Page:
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Three things to know about Illinois

The Wildcats have a crucial rivalry game against Illinois this weekend. What has been going on with their state rival?

Jesse Johnson-USA TODAY Sports

Contrary to popular belief, Northwestern will be playing a football game against Illinois this weekend rather than a competitive fedora-wearing contest. After yet another close victory on the road against Wisconsin, the 9-2 Wildcats play "on the road" at Soldier Field in Chicago against the 5-6 Fighting Illini. Illinois has lost five of its previous six games, but is still fighting for bowl eligibility this weekend. Northwestern is hoping to secure a victory and improve to 1-0 for the tenth time this season. A victory will help Northwestern’s bowl prospects for this improbably successful season thus far. However, Northwestern is favored by just 3.5 points against an Illinois team that has some dangerous individual players and can occasionally put up a good fight. And of course, the stakes will be high because the winner will take home the coveted "Monopoly Figurine Trophy".

With the rights to an awkwardly placed top HAT on a wooden pedestal on the line, here are three things to know about Illinois:

Illinois has an above-average defense, in theory

Illinois has some very good players on the defensive side of the ball and it, statistically, has an above-average defense. They are, amazingly, 15th in defensive S&P, a rating which does not make much sense considering the Illini just gave up 32 points to Minnesota and haven’t held an opponent under 24 points since Week 5. However, they did have a very good start to the season defensively and played decently within the Big Ten against Purdue and Nebraska. Defensive end Dawuane Smoot has seven sacks this season and will challenge Northwestern’s patchwork offensive line. They also have talent at safety in Clayton Fejedelem, who leads the Big Ten with 124 tackles, and at defensive tackle with top recruit Jihad Ward. Illinois also has a pair of excellent linebackers in senior Mason Monheim, who earned a Big Ten Honorable Mention in 2014, and T.J. Neal Jr., who is currently seventh in the Big Ten in tackles.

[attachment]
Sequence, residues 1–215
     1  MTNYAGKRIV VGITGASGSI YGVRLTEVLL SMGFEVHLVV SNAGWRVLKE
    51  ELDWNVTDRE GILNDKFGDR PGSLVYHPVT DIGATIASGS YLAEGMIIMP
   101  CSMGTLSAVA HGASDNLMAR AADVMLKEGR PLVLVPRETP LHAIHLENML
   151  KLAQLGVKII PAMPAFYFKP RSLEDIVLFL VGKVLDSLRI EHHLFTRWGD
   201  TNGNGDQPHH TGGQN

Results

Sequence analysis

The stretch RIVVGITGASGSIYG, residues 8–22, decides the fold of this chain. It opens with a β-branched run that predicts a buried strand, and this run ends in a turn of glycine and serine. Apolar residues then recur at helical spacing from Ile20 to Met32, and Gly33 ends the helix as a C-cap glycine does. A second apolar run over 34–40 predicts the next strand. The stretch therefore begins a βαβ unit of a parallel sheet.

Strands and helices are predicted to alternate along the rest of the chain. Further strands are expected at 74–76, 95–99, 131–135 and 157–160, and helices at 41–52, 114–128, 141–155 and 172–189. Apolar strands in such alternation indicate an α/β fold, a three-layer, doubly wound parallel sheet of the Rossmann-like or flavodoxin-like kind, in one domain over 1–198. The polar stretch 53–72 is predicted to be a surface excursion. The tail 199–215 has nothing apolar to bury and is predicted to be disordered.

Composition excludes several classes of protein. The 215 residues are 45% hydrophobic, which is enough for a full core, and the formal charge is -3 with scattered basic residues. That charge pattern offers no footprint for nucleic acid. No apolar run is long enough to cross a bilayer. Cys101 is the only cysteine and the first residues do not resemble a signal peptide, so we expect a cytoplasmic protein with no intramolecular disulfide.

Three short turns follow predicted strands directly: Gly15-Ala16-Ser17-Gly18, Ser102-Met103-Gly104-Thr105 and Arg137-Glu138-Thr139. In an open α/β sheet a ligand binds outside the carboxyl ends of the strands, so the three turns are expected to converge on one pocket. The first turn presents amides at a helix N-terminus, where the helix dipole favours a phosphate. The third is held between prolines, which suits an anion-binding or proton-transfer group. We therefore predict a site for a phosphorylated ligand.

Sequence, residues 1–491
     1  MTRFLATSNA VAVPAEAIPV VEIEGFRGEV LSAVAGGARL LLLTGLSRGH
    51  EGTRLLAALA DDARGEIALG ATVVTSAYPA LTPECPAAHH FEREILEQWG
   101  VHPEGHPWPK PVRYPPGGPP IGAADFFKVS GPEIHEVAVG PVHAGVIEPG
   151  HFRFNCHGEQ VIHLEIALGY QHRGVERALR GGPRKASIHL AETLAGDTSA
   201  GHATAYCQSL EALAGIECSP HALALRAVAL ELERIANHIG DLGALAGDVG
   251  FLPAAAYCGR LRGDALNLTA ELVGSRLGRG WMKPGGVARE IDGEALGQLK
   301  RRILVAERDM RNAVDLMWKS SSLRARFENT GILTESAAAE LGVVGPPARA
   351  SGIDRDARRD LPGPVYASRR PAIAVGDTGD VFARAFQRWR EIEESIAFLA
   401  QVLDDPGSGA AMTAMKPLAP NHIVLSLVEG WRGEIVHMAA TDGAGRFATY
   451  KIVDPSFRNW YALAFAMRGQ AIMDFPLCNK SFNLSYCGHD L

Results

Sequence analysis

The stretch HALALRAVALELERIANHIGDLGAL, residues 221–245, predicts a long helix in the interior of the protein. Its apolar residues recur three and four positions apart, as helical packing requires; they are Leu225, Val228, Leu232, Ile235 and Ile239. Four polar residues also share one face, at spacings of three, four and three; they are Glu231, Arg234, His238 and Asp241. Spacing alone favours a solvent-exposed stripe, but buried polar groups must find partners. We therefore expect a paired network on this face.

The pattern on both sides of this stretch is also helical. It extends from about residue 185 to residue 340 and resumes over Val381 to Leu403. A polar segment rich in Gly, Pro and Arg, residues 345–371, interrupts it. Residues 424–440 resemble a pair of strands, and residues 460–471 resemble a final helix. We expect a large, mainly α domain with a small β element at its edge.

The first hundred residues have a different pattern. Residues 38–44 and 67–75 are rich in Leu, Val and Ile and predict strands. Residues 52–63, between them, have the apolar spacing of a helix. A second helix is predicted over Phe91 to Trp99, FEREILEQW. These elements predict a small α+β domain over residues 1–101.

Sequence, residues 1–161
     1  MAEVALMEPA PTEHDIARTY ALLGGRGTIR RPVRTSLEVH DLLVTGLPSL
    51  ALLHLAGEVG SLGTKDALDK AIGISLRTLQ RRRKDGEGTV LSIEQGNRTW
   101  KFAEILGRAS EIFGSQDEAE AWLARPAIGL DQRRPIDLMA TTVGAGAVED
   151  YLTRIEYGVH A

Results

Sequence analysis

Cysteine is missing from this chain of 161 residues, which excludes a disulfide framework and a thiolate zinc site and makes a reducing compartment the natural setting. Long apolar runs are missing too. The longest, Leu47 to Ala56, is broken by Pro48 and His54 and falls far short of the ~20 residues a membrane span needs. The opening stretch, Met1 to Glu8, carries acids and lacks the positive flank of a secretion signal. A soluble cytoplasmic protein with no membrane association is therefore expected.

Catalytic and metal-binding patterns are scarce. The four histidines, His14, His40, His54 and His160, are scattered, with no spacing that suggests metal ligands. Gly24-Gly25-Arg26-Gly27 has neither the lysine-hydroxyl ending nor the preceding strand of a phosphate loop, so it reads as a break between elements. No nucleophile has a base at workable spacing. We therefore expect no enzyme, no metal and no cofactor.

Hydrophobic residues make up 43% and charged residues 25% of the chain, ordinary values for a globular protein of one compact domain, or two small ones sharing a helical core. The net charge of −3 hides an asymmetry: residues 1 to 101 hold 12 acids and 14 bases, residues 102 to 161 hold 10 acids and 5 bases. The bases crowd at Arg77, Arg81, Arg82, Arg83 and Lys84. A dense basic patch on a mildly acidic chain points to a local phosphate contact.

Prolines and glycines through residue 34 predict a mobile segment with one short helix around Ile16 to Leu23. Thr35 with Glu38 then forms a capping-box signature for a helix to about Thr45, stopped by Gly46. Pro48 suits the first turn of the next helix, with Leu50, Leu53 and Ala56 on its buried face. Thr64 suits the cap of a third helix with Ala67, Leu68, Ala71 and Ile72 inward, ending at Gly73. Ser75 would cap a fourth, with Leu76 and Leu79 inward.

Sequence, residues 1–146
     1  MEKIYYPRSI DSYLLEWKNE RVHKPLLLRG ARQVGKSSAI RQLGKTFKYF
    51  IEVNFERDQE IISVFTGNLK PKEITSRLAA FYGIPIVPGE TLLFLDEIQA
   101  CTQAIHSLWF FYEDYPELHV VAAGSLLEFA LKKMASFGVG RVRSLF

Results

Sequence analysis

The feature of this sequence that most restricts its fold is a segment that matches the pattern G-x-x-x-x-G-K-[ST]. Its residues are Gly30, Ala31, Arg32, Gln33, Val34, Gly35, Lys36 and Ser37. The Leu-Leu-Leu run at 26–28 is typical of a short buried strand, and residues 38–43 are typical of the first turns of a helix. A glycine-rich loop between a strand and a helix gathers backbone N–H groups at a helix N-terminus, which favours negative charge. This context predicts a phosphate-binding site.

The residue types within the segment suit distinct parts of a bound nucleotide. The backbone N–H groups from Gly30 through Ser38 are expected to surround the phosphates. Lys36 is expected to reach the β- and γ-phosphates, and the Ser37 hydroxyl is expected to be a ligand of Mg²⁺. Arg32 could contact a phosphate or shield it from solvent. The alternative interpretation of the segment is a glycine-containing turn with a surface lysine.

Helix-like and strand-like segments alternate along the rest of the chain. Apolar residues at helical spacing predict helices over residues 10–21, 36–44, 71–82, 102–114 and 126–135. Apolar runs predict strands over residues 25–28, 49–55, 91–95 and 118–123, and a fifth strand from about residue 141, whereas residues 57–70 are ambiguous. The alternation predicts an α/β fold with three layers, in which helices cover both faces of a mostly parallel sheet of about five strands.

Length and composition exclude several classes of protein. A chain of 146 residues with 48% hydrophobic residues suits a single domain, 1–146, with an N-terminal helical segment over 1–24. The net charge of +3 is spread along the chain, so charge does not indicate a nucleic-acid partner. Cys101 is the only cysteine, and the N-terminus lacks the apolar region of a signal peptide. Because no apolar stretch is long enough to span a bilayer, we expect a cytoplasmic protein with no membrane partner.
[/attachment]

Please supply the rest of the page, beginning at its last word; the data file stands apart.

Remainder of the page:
Illinois’ defense has above-average talent but has been exposed badly at times this season. Interim head coach Bill Cubit has not been able to consistently maximize his defense’s talent this year, and it looked like his gameplan against Minnesota was completely incorrect after giving up three long first-half touchdown drives. The Illinois run defense has been spectacularly poor the last two weeks as Ezekiel Elliott (181 yards, 2TDs) and Shannon Brooks (174 yards, 3 TDs) shredded Illinois’ porous run defense. Justin Jackson and Warren Long both excel at breaking long runs, and they have an ideal matchup this weekend. But Illinois is also 14th in pass defense S&P+, which is concerning for Northwestern’s nonexistent passing game. Clayton Thorson and the passing offense could be in for yet another rough day, as the experienced Illinois defense should have no trouble containing Northwestern’s underwhelming receiving corps. Mick McCall will likely want to pound Illinois with Jackson and Long, which could be enough to win with how well Northwestern's defense is playing.

Wes Lunt has been confusingly bad

Wes Lunt transferred to Illinois from Oklahoma State after 2012 and this is the redshirt junior’s first full season (due to health) at starting quarterback. Lunt has been quite inefficient this season, averaging just 5.2 yards per attempt, which has contributed to Illinois’ mediocre 99th-ranked offense. If you thought Northwestern’s passing offense was not explosive, Illinois’ awful numbers may console you as dreams of 60-yard bombs to Christian Jones disappear into oblivion. Although this may be a result of the offensive scheme, Illinois' offense is 117th in passing IsoPP. Don’t worry though, Northwestern comes in at 120th! Lunt has also been careful with the football, posting a solid 14:5 touchdown-to-interception ratio and losing zero fumbles this season. However, his total passer rating is still just a mediocre 113.2, which ranks him 107th out of 127 qualified quarterbacks this season. Just to pound home the Big Ten’s poor quarterback play this season, Lunt is actually ahead of Thorson (116th), Purdue’s David Blough (112th), and Maryland’s Perry Hills (118th). Other Big Ten luminaries such as Joel Stave, Christian Hackenberg, and Chris Laviano are all below 85th.